Mata’afa gave up wrestling before his senior year of high school to focus on his first love — football. And despite coming off the bench in every WSU game this year, the redshirt freshman was an All-Pac-12 honorable-mention selection

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As one of seven kids, Washington State defensive lineman Hercules Mata’afa grew up wrestling with his sisters.

Yes, sisters.

Mata’afa comes from an athletic family, with four sisters and two brothers. His eldest sister, Lia, is a former Hawaii high-school state wrestling champion who has since become a mixed-martial-arts fighter. Another sister, Gina-Bella, is a water polo player at Durham University in the United Kingdom.


WSU vs. Miami, Sun Bowl,

11 a.m., Ch. 7

Lalelei, Mata’afa’s younger sister, is a senior in high school who is a national NFL Punt, Pass and Kick champion. She has her sights set on becoming a four-time state champion in wrestling in the 220-pound weight class, and when she wrestles Hercules, she usually gives him a run for his money, said Sophie Mata’afa, their mother.

“They would go at it, and Herc would ultimately win, but she gives him a rough time,” Sophie said. “They were constantly at it when they were young, too.”

The roughhousing among her brood is so common that Sophie says she has made it a point to keep the living room bare because her kids like to wrestle for fun when they’re home in Lahaina, Hawaii.

“In our living room, there’s a futon on the floor and no table and chairs any more because they rumble,” Sophie said.

For Hercules, that wrestling background has translated well onto the football field.

“I think wrestling is a good sport for football because it (trains) a lot of leverage and hip work,” said Mata’afa, who was the runner-up for the state championship two years in a row in the 215-pound weight class.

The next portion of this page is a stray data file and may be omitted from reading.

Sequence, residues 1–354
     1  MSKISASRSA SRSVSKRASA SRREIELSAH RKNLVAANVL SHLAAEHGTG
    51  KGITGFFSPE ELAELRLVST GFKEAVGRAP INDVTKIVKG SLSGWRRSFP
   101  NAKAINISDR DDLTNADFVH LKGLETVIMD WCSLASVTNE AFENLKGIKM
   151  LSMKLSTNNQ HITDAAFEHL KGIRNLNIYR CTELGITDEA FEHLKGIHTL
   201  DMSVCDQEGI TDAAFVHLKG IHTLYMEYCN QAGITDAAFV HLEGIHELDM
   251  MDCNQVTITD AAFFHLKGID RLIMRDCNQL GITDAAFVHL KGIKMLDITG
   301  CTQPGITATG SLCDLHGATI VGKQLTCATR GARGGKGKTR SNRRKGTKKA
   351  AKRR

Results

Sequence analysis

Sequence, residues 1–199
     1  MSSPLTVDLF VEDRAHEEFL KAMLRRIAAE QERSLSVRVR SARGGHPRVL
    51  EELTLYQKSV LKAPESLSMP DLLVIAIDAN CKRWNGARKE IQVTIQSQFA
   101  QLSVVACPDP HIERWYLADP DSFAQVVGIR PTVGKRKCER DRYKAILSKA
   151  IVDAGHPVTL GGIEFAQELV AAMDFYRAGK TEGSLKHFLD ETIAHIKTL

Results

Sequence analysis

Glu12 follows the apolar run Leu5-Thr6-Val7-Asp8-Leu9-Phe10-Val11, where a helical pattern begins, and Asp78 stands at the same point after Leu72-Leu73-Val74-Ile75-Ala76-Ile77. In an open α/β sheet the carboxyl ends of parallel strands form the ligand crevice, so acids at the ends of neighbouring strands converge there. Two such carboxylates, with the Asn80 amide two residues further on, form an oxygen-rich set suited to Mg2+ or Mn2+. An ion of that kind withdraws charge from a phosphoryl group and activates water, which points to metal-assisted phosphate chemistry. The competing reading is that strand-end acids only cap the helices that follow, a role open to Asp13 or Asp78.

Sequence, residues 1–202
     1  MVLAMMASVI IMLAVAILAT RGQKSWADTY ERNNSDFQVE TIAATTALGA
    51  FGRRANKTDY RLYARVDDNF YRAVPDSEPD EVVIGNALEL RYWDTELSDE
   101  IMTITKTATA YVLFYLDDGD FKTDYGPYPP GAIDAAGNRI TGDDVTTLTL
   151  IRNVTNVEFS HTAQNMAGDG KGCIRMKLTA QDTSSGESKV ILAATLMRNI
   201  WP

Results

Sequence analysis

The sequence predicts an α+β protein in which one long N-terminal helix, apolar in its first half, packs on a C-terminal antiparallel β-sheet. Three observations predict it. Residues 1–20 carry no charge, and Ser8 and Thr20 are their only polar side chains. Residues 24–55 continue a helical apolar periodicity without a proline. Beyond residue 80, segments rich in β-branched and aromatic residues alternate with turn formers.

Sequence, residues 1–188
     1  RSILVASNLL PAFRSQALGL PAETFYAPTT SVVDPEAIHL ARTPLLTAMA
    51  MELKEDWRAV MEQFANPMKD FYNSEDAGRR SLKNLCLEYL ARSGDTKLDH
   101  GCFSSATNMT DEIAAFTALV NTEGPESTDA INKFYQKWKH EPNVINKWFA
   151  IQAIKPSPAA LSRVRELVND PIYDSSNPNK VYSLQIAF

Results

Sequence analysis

Despite his natural ability on the wrestling mat, Mata’afa gave up the sport before his senior year of high school to focus on his first love — football.

So far, that sacrifice appears to have paid off.

After redshirting the 2014 season to adjust to life in Pullman and putting on some weight — he has gained 37 pounds since arriving at WSU — Mata’afa drew praise from the coaches in fall camp this year and began the season as a role player on the defense’s third-down packages.

That role quickly expanded. Against Cal on Oct. 3, Mata’afa had a breakthrough game, sacking quarterback Jared Goff twice and finishing with 3.5 tackles for a loss, and that sort of productivity was difficult to ignore. By the end of the year, Mata’afa had worked himself into the Cougars’ defensive-line rotation, and he’ll be a big part of the game plan as WSU readies to play Miami in the Hyundai Sun Bowl on Saturday.

“He presents that explosiveness you need on the field, and little by little, I sprinkled him into our base packages and he’s been able to respond,” WSU defensive-line coach Joe Salave’a said.

Mata’afa played behind Destiny Vaeao at defensive tackle through the second half of the season, but he is being groomed to replace Darryl Paulo at defensive end. Mata’afa finished the regular season tied with Paulo for the team lead with six sacks and is tied with Kache Palacio for second on the team with 10 tackles for a loss.

Despite coming off the bench in every game this year, Mata’afa was an All-Pac-12 honorable-mention selection, and he recently was named a USA Today Freshman All-American. Last week,’s Andy Staples listed Mata’afa as a possible dark-horse Heisman Trophy candidate for 2016.

What does Mata’afa make of all these accolades?

“It gives me confidence, and it’s something for my family to (hold) on,” the soft-spoken Mata’afa said. “It’s great to know that my name is being put out there.”

Mata’afa might have earned some national recognition in his debut season of college ball, but Salave’a said the talented pass rusher still is a work in progress. He arrived at WSU a little raw and is learning to study film with a critical eye and make corrections off what he does in practice.

“Hercules’ ceiling is a glass ceiling, it’s a high ceiling for what he can become,” Salave’a said. “Regardless of what he’s done, he can do better.”